# Quick question on Fourier Transform of $\exp(-\frac{x^2}{2})$

I am currently looking at an example of how to calculate the Fourier Transform for the function $$f(x) = \exp\left({-\frac{x^2}{2}}\right)$$ Now $f$ solves the differential equation $$f'(x) = -xf(x)$$ and so, applying the FT to both sides gives $$i \xi\,\hat{f}(\xi) = -i(\hat{f})'(\xi)$$ Using these two equations we can derive that $$\left(\frac{\hat{f}(x)}{f(x)}\right)' = 0$$ hence $$\hat{f}(x) = c_0f(x) = c_0\exp\left({-\frac{x^2}{2}}\right)$$

And here is where I have trouble, because the author of the notes that I am using says that $c_0 \geq 0$, which I can't see why .. I am sure it must be something obvious and I am just too blind to see it. Any hint would be highly appreciated, many thanks !

Edit: It is not the claim that I don't understand (I know it is right), it is just that I can't see why this is true looking solely at the derivations I have so far.

• Compare the last to first line in your question. You sure you want to revert the $x^2$ I revised in? – anon Jan 31 '12 at 2:05
• @anon: thks for mentioning this, was a typo. – harlekin Jan 31 '12 at 8:45
• BTW, why bother to look at the quotient (i.e. $(\frac{\hat{f}}{f})'$), you see $f$ and $\hat{f}$ satisfy the same ODE, and hence they differ by a constant. – AD. Feb 4 '12 at 13:28

$$c_0=\hat{f}(0)=\int_{-\infty}^{+\infty}f(x)dx=\sqrt{2\pi}.$$

• ok thks! I calculated that as well so I know the author is correct, however, he then goes on and does something slightly different to determine the actual value of $c_0$. Hence I was wondering whether I am actually missing something within the lines I gave above that should tell me $c_0$ is non-negative .. – harlekin Jan 31 '12 at 1:05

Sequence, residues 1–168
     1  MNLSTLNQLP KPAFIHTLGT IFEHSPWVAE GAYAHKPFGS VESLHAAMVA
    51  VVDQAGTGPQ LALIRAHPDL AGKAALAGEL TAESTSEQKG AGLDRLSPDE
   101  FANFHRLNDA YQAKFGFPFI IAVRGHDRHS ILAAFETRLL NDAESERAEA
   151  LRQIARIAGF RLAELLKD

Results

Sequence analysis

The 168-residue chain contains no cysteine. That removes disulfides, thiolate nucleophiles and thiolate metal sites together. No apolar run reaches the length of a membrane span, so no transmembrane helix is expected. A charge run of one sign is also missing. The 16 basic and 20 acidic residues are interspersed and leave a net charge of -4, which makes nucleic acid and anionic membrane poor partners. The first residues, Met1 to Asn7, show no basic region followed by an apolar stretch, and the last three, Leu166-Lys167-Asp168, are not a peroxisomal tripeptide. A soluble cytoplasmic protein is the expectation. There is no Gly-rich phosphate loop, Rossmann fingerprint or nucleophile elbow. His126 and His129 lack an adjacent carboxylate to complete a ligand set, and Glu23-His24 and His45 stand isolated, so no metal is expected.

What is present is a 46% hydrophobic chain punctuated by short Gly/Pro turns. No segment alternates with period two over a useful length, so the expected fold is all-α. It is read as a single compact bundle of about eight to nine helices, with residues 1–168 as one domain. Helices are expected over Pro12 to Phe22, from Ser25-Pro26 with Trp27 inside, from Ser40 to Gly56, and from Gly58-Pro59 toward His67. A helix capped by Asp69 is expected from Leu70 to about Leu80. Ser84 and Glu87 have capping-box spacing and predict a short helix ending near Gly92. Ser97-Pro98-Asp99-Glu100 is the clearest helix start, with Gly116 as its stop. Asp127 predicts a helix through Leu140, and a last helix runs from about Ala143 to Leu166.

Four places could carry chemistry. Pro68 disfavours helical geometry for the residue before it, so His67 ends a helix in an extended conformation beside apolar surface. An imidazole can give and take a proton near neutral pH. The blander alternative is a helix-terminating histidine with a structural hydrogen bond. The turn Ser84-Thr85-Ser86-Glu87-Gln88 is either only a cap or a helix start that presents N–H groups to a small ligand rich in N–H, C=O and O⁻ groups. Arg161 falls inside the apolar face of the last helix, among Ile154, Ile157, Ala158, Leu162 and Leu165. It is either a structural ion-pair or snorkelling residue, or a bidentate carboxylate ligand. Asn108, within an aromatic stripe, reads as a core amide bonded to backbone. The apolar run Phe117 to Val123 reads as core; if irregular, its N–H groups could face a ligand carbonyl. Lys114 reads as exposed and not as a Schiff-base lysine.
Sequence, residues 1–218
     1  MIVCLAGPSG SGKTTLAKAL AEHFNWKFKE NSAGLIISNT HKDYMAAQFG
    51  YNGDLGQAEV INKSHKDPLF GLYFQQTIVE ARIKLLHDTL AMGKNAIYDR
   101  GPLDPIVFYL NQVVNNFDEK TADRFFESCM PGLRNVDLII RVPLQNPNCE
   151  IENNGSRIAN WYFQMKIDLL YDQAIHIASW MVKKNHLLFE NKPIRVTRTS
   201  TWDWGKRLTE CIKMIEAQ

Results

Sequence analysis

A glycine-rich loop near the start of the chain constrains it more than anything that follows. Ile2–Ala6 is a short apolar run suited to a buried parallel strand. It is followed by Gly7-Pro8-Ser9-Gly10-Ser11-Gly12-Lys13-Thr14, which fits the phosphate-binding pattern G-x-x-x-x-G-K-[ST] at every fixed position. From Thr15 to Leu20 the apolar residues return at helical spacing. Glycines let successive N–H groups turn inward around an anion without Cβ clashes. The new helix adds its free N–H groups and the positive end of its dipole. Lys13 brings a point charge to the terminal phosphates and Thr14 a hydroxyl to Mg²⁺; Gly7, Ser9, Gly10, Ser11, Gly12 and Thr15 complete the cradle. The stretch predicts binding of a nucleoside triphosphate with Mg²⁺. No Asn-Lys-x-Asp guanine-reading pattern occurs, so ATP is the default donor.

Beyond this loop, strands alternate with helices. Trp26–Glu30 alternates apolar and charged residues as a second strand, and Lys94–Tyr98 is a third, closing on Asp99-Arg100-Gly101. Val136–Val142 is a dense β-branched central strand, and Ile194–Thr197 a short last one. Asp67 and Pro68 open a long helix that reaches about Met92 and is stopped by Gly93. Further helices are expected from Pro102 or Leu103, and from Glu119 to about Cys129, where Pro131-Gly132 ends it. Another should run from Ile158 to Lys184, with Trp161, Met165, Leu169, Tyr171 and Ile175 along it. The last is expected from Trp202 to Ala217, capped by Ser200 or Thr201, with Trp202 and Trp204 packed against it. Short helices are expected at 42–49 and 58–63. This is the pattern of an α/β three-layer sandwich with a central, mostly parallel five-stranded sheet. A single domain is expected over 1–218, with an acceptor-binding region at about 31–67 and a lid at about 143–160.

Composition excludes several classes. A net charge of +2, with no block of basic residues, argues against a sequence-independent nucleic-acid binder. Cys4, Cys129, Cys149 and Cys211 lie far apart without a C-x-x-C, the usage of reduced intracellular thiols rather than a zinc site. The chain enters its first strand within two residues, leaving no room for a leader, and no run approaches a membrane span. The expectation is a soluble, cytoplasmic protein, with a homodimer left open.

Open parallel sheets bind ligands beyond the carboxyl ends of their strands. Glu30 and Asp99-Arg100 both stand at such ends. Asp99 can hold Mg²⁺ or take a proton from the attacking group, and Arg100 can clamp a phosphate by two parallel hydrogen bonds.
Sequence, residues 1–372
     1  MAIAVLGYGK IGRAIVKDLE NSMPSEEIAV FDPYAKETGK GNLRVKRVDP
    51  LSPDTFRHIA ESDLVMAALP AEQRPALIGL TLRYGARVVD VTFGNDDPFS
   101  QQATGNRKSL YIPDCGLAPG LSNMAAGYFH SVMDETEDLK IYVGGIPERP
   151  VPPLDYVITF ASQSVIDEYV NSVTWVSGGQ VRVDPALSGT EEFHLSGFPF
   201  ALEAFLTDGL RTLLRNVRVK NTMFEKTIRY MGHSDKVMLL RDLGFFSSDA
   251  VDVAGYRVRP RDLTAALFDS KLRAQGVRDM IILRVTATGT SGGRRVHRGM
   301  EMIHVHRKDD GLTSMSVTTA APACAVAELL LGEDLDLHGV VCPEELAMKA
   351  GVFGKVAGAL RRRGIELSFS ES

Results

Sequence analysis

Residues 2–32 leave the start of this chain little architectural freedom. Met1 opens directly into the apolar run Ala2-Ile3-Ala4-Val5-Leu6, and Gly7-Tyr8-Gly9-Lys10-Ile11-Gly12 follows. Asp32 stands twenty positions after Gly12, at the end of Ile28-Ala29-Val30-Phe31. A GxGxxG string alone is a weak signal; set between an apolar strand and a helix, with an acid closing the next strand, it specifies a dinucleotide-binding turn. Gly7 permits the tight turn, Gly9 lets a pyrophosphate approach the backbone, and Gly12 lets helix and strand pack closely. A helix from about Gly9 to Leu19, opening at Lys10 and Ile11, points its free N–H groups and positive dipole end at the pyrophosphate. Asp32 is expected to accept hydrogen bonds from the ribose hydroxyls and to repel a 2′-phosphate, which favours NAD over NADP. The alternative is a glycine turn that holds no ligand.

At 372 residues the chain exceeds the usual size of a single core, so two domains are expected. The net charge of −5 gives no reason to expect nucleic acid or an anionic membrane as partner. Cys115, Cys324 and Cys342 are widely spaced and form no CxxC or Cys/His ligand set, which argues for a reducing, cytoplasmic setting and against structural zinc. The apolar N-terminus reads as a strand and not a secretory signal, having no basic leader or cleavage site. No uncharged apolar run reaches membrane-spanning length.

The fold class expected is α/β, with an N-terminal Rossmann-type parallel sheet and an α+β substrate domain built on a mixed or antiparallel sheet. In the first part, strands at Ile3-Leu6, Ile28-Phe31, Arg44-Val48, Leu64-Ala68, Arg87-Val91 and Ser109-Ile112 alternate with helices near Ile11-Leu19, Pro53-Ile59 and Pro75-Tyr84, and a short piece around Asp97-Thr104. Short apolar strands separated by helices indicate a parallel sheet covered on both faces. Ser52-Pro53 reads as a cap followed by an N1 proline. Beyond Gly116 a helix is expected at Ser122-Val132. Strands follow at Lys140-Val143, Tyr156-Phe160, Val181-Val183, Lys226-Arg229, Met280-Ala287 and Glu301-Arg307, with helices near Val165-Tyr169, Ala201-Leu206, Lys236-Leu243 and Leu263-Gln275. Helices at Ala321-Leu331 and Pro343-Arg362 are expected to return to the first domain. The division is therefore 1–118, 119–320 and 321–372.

• @harlekin: Without the notes in front of me it's impossible to tell. – anon Jan 31 '12 at 1:07
• hm .. I understand, thanks for your answer anyways ! – harlekin Jan 31 '12 at 1:19
• @harlekin: even without the final "$=\sqrt{2\pi}$" in anon's computation (which is not obvious enough to be left to the reader) it should be clear that the integral is at least positive because the integrand is positive everywhere. – hmakholm left over Monica Jan 31 '12 at 1:21
• yes that's right! – harlekin Jan 31 '12 at 1:48

You might want to have another proof. Well, it does not hurt.

We can define, for any complex $\xi$,

$$\hat{f} (\xi) = \int_{-\infty}^{+\infty} e^{-i x \xi} e^{-\frac{x^2}{2}} dx.$$

This is well-defined, and you can check that $\hat{f}$ is analytic. There are some general results that you can apply to prove it; I don't remember them precisely, but with a gaussian, everything works well. Now, if we compute $\hat{f}$ for imaginary numbers, we have:

$$\hat{f} (iy) = \int_{-\infty}^{+\infty} e^{xy} e^{-\frac{x^2}{2}} dx = \int_{-\infty}^{+\infty} e^{\frac{y^2}{2}} e^{-\frac{(x-y)^2}{2}} dx = e^{\frac{y^2}{2}} \int_{-\infty}^{+\infty} e^{-\frac{x^2}{2}} dx = \sqrt{2\pi} e^{-\frac{(iy)^2}{2}}.$$

Hence, $\hat{f} (\xi) = \sqrt{2\pi} e^{-\frac{\xi^2}{2}}$ for imaginary $\xi$. By analytic continuation, this identity holds for any $\xi$.

Note that inverse Fourier transform is defined as $$\hat{f}(\zeta) =\int_{-\infty}^{\infty}f(x)e^{-j\zeta x}dx$$ From your solution we can see that $$c_0 = \hat{f}(0) = \int_{-\infty}^{\infty}f(x)dx$$ which is nothing but the area of the Gaussian which is always positive...

Thanks...